It is rare that I will use anything other than a multiplier reel when out on the sea. Occasionally I will use a fixed-spool model but 99% of the time you will find me using multipliers.
I much prefer the way a multiplier reel puts you in direct contact with the fish. With a fixed-spool reel the line has to come off the spool and is directed under the bail arm before heading up towards the tip of the rod. This right angle in the line transfers a lot of the pressure onto the bail arm, effectively deadening a lot of the fish’s power. With a multiplier the line spills off the spool towards the fish in a direct line with no interference. If you have never used one then try it. Even the smallest of fish seem bigger on a correctly set multiplier reel.
All of my multipliers are filled with braided line. I like the lack of stretch in braid, allowing you to sense bites in very deep water. I will not use anything else. A word of warning though – braid does not stand up well in areas of rough ground. If you fish these types of areas it is advisable to attach at least 40 feet/12 metres of monofilament or fluorocarbon in front of your reel line to minimise the impact from abrasive rough ground. I attach the two lines with an Albright knot.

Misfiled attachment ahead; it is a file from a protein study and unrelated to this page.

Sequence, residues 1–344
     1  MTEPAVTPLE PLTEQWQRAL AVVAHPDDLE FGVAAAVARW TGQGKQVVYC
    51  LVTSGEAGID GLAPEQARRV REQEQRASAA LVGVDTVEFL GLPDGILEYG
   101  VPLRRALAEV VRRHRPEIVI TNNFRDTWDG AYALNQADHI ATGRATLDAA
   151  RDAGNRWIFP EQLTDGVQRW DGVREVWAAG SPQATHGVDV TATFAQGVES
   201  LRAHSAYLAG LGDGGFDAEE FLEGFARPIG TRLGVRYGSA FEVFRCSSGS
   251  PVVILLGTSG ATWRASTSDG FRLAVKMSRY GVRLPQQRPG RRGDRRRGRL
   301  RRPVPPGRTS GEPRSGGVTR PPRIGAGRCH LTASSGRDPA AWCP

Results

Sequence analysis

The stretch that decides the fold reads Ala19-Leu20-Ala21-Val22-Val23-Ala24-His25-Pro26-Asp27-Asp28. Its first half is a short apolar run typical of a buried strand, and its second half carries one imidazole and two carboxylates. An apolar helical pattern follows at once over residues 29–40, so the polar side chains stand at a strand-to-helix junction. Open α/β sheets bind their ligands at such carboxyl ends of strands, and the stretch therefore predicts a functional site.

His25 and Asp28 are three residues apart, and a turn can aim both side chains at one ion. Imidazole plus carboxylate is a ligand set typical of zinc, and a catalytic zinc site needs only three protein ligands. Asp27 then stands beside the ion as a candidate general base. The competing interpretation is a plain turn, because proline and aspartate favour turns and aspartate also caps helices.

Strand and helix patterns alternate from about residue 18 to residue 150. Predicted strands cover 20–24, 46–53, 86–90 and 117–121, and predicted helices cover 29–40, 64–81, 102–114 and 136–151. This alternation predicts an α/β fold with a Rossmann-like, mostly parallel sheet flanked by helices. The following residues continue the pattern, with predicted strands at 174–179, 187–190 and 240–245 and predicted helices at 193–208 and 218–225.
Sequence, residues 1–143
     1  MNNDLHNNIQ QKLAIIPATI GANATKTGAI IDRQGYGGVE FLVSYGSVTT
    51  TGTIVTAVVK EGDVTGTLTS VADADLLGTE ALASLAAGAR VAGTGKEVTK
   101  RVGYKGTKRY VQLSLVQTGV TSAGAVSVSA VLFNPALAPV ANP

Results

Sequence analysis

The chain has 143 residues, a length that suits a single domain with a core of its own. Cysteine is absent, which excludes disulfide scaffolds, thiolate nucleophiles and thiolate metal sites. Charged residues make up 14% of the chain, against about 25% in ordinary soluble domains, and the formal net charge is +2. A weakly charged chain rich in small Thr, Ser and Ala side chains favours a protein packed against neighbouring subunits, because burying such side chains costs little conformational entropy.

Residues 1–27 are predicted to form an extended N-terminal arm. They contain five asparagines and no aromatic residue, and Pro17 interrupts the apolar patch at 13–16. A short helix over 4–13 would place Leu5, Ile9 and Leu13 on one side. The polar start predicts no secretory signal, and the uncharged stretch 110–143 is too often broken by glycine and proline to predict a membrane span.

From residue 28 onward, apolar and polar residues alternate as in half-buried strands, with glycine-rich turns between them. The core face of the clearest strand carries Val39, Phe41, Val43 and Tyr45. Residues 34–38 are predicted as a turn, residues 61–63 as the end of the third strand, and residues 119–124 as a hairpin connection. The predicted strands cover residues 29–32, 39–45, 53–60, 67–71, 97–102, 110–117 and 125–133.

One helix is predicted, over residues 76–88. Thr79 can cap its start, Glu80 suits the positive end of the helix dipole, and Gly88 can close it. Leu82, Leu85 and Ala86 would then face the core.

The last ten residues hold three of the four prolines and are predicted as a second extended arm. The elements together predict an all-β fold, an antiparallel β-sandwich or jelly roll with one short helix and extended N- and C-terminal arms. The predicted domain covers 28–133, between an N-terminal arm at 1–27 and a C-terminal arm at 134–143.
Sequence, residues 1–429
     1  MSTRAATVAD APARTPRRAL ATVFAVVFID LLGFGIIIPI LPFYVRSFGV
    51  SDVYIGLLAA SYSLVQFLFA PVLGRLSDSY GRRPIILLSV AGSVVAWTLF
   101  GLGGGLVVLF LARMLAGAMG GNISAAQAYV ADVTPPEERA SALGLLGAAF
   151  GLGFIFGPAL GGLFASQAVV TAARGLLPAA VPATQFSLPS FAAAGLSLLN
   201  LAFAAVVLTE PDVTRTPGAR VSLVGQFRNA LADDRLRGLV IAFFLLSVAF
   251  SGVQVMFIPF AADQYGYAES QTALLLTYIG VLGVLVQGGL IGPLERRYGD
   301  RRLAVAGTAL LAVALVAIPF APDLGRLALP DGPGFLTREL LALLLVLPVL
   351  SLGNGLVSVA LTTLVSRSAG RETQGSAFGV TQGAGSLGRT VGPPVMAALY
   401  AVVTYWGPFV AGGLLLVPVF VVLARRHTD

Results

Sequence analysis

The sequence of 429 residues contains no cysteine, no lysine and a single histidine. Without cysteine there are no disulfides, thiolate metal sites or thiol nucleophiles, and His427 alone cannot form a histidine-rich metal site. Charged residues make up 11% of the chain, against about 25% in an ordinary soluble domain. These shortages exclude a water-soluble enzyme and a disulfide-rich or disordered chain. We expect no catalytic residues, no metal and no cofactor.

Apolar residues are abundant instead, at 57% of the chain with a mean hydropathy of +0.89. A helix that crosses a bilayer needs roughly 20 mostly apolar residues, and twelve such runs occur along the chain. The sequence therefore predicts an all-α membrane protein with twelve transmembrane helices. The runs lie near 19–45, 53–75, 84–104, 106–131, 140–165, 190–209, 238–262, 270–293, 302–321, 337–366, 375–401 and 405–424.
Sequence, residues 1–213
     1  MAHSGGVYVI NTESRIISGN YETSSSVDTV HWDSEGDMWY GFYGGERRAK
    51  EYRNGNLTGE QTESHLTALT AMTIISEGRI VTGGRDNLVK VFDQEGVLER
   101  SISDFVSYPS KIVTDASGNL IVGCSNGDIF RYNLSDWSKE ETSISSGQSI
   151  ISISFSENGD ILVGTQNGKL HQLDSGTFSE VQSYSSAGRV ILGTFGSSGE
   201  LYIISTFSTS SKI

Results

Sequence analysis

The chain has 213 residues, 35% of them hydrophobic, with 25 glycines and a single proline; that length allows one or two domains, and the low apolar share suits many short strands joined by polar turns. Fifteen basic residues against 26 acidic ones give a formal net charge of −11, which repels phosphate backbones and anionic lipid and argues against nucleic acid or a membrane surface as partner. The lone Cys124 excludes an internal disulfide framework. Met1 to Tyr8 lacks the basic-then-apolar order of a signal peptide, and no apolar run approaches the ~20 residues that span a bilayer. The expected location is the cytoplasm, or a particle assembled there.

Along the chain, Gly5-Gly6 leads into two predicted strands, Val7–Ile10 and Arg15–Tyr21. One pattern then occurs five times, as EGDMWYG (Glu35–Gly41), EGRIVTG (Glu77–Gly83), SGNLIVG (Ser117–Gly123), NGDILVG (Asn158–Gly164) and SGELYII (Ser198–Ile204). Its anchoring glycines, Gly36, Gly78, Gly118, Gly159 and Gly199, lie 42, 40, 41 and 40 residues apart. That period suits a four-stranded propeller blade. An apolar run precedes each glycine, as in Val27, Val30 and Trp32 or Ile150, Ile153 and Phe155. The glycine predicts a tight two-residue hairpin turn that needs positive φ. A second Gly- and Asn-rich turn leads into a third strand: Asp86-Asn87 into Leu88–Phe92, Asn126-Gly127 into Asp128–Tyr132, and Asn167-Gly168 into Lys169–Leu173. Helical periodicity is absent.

Heavy and Medium
I use an ABU multiplier on my 30lb class and 20lb class rods. I use 50lb braid on these setups.
The multiplier that I like to use on my 12lb class rod is a Penn reel. Older than I am, it has never let me down. It is loaded with 30lb braid.
For the fun stuff, fishing for flatfish, wrasse, pollack and bass I team the jerkbait rod with a small jerkbait reel from ABU. Like the previous reel, this is also loaded with 30lb braid.
There are other reels that I do use in a saltwater environment. These include a fixed spool reels for mullet or fly reels for saltwater fly fishing. Information on these ‘crossover’ reels can be found in the freshwater reels section.